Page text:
Hydrogen is the lightest chemical element which at standard conditions is in gaseous form with diatomic molecules. It is colorless, odorless, tasteless, non-toxic, and highly combustible. Hydrogen is the most abundant chemical element, estimated to contribute 75% of the universe’s mass. It is present in all living things as a molecule, but very scarce as a gas – less than one part per million by volume.
Hydrogen, when consumed in a fuel cell, produces only water. Hydrogen can be produced from a variety of resources, such as natural gas, nuclear power, biomass, and renewable power like solar and wind. These qualities make it an attractive fuel option for transportation and electricity generation. It can be used in cars, in houses, for portable power, and in many more applications.
Hydrogen is an energy carrier that can store, move, and deliver energy produced from other sources.
Today, hydrogen fuel can be produced through several methods. The most common methods are natural gas reforming (a thermal process), and electrolysis. Other methods include solar-driven and biological processes.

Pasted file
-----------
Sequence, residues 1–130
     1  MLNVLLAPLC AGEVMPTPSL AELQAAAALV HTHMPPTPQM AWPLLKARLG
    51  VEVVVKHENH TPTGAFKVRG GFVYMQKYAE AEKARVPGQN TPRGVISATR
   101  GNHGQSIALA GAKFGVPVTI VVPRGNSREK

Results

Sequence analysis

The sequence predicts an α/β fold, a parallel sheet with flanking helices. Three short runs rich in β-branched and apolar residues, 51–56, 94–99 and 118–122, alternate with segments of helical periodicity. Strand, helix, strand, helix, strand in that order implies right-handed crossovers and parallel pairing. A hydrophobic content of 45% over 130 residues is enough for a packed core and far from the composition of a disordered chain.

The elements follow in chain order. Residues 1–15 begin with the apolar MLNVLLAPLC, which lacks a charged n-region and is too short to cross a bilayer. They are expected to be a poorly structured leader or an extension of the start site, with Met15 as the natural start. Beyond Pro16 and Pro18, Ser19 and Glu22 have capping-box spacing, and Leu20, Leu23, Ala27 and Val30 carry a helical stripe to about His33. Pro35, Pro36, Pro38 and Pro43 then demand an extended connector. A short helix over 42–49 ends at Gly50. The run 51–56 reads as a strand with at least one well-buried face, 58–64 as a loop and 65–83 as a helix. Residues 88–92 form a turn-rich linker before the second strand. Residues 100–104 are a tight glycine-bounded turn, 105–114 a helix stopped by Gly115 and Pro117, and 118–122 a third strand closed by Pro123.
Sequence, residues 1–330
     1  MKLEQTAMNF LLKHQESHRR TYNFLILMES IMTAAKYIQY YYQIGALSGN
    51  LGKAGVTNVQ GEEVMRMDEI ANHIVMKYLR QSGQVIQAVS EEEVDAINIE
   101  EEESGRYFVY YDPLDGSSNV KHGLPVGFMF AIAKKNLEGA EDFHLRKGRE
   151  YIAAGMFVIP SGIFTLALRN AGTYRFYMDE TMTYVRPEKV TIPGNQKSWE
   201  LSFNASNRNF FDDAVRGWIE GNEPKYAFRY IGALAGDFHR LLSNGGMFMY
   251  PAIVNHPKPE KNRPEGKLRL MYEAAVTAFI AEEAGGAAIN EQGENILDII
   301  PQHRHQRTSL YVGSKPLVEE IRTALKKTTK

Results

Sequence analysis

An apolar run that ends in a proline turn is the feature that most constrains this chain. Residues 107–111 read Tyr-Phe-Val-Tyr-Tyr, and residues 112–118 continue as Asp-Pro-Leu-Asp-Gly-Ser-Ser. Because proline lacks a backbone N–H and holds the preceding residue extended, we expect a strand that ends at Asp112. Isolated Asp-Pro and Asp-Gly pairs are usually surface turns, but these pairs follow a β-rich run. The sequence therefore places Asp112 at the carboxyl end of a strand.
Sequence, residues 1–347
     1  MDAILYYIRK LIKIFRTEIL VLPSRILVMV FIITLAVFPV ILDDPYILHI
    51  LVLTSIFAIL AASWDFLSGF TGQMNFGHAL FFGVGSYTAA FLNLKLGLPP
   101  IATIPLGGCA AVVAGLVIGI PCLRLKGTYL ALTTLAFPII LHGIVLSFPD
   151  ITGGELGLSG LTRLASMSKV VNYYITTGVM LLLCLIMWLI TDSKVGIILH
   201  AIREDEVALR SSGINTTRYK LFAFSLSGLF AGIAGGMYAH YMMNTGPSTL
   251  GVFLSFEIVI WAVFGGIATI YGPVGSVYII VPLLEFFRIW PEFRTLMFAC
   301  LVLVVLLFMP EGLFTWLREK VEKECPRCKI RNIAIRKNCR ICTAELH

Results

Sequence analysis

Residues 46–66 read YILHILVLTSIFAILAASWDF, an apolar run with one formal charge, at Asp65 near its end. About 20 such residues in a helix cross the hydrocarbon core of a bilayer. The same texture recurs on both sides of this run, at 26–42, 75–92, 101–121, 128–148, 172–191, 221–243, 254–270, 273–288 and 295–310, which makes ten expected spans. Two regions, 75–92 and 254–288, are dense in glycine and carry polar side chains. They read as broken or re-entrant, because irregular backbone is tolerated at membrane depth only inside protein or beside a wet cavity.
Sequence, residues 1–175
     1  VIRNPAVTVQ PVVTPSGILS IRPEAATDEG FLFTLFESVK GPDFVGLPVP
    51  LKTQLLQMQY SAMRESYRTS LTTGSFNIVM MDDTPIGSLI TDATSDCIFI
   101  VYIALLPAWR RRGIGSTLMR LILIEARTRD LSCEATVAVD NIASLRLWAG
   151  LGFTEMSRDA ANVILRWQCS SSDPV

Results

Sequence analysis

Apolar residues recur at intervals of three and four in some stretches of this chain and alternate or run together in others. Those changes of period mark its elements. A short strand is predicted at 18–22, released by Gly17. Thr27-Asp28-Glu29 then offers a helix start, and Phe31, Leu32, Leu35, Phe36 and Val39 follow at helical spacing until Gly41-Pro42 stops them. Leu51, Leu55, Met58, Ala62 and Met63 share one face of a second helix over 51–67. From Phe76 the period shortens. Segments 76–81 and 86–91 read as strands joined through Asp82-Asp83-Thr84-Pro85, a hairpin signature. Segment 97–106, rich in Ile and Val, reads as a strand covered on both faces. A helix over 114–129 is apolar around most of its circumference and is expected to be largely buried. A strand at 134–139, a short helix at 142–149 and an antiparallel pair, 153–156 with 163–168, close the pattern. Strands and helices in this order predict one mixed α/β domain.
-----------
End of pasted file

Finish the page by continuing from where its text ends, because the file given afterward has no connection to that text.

hydrogen and hydrogen-based fuels could avoid up to 6% of total cumulative emissions reductions, according to the International Energy Agency (IEA). The time is right to tap into hydrogen’s potential to play a key role in a clean, secure, and affordable energy future.
Clean hydrogen is enjoying unprecedented political and business momentum, with the number of policies and projects worldwide expanding rapidly.
Hydrogen can help tackle various critical energy challenges. It offers ways to decarbonize a range of sectors – including long-haul transport, chemicals, and iron and steel – where it is proving difficult to meaningfully reduce emissions. It can also help improve air quality and strengthen energy security.
Hydrogen can be used much more widely. Today, hydrogen is used mostly in oil refining and for the production of fertilizers. For it to make a significant contribution to clean energy transitions, it also needs to be adopted in sectors where it is almost completely absent at the moment, such as transport, buildings, and power generation.